A report in The Telegraph outlines how the London-based medtech company is providing vibrating bracelets from Blythe, England-based Tharsus to keep the six-foot (two-meter) distance widely recommended for preventing the spread of COVID-19.
Smith & Nephew held a three-week trial for Tharsus’ Bump system, which provides a “gentle, non-intimidating” vibration if two employees get too close, according to the report. The system was put to use in Smith & Nephew’s laboratories, warehouses and on its manufacturing floor. The company demonstrated how it uses the Bump system, along with other safety measures, as it returns to the workplace in a video.
“The health and safety of our employees has been a priority throughout this crisis,” Smith & Nephew director of operations strategy & transformation, wound care, Mike Buckle said in a news release. “The Bump system is proving its value in validating the measures we have put in place, helping us refine and improve in other areas, and giving employees direct real-time feedback to help them ensure they are safely social distancing.”
One additional function for the Bump system includes collecting data to allow companies to monitor behavior and identify potential hotspots where social distancing may prove difficult. However, Tharsus told The Telegraph that it does not track workers’ movements as part of the data collection.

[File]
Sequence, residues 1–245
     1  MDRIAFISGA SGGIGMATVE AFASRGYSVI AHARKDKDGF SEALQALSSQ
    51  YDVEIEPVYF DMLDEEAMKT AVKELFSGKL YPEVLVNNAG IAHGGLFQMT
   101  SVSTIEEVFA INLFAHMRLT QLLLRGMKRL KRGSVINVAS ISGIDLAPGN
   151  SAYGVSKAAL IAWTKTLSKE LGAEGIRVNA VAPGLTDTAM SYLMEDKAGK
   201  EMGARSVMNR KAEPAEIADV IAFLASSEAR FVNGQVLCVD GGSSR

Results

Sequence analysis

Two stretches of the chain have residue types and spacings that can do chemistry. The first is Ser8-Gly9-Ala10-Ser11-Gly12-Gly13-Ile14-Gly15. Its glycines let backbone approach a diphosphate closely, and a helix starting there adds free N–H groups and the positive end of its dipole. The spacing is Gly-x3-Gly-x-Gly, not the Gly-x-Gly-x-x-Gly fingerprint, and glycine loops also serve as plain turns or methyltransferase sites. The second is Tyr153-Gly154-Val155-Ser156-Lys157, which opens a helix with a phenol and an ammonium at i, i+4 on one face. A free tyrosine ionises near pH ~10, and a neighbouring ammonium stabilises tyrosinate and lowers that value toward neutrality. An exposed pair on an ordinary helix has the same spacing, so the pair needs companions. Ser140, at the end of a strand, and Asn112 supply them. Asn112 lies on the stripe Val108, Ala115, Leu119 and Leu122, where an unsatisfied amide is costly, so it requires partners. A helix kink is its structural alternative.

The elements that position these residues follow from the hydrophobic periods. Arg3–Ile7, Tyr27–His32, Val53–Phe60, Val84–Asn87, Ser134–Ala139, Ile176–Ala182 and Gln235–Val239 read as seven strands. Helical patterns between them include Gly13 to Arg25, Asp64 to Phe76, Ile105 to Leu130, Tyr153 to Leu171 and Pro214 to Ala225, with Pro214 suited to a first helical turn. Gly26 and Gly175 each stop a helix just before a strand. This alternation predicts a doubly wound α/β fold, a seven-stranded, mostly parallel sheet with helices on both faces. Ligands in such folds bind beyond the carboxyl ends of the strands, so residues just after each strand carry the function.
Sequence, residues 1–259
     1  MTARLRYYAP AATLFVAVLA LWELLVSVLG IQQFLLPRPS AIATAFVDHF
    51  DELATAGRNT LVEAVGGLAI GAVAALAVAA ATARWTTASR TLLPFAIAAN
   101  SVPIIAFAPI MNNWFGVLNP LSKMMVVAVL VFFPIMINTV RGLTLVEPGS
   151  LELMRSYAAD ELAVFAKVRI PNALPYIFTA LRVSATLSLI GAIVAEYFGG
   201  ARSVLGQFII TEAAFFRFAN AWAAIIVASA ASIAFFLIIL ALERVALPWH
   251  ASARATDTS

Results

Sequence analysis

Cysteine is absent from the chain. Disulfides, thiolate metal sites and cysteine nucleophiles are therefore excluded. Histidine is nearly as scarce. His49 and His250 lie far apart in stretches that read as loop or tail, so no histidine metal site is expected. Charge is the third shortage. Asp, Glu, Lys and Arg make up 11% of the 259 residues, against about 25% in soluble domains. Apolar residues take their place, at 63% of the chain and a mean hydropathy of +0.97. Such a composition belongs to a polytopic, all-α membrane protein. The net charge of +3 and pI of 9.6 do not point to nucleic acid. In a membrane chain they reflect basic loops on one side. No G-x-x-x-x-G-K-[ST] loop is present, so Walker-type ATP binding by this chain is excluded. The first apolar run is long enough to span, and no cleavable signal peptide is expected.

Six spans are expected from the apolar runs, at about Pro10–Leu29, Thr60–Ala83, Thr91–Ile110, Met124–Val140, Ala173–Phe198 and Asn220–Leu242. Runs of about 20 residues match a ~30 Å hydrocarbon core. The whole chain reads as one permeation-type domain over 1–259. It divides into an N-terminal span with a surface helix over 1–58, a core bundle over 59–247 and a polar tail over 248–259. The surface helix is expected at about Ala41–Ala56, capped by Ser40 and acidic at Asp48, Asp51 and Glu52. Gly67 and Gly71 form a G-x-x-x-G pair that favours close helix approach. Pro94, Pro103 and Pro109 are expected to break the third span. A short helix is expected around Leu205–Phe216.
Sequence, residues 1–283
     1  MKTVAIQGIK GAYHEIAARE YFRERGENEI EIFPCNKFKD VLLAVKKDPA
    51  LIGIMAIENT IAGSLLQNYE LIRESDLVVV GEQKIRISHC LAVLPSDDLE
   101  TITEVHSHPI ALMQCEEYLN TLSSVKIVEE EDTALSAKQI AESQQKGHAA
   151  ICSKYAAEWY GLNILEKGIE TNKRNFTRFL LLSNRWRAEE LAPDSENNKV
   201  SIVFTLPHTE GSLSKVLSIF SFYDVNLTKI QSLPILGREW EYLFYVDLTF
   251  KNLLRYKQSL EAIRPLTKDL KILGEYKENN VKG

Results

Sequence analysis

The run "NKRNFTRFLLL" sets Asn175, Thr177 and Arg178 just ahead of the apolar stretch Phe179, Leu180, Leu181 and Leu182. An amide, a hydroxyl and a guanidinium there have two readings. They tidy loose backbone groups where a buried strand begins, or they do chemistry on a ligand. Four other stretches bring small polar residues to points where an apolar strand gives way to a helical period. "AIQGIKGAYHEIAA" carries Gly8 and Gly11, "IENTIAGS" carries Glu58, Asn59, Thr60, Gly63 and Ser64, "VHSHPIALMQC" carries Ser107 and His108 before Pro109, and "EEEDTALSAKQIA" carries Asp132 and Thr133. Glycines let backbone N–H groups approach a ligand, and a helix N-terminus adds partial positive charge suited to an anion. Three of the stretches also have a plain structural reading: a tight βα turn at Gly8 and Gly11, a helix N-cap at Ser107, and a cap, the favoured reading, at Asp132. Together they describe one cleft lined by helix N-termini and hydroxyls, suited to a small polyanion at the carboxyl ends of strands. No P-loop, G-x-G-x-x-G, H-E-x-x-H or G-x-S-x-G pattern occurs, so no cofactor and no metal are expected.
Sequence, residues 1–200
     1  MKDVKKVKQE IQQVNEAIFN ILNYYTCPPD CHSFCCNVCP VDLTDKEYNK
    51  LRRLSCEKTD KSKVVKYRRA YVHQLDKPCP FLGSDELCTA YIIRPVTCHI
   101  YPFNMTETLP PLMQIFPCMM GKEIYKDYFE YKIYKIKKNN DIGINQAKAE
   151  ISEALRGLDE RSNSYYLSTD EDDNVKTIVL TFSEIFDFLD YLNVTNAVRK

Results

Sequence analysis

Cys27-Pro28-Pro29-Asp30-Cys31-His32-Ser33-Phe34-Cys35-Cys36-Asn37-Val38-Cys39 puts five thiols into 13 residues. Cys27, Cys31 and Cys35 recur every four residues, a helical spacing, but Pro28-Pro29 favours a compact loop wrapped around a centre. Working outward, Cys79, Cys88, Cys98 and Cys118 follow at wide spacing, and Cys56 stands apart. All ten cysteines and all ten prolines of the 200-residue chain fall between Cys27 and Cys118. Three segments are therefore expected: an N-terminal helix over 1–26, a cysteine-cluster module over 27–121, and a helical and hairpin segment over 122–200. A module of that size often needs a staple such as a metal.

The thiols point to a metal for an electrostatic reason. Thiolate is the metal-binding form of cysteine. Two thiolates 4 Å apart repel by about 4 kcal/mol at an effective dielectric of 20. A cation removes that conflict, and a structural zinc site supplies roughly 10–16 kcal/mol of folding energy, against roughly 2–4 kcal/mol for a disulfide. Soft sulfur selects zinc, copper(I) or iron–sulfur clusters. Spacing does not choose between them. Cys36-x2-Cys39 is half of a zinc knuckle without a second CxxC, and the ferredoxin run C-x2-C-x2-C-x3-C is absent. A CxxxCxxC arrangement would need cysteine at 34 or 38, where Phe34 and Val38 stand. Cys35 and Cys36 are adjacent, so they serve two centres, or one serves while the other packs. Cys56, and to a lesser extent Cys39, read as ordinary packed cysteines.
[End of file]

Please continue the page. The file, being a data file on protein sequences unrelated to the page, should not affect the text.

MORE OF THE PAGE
Last week, government officials began raising concerns over “ghost towns” in city centers, according to the report, and are urging companies across England to return to the office.
“Now that workplaces are opening up to employees, the onus will be on businesses to ensure they are calibrated in a way that reduces risk to staff,” Tharsus CEO Brian Palmer said. “Many lockdown restrictions may have begun to ease, but social distancing remains one of the most effective ways to prevent the spread of COVID-19, which is not always easy in closed environments.
“By working with partners like Smith+Nephew to trial Bump, not only do they benefit from data that can help them make better decisions on workplace configuration, but we receive feedback that allows us to further improve the system itself.”
Similar technologies have been touted throughout the pandemic as the world looks for ways to return to “normal.” In May, Imec spinoff Lopos, with the Ghent University (Belgium), announced its Lopos SafeDistance wearable for promoting safety during the COVID-19 pandemic.
The Lopos SafeDistance wearable uses Lopos’ ultra wideband (UWB) technology, developed from R&D at Imec and the Ghent University. When two wearables approach each other, the exact distance is measured and an alarm is activated when the minimum distance is not respected.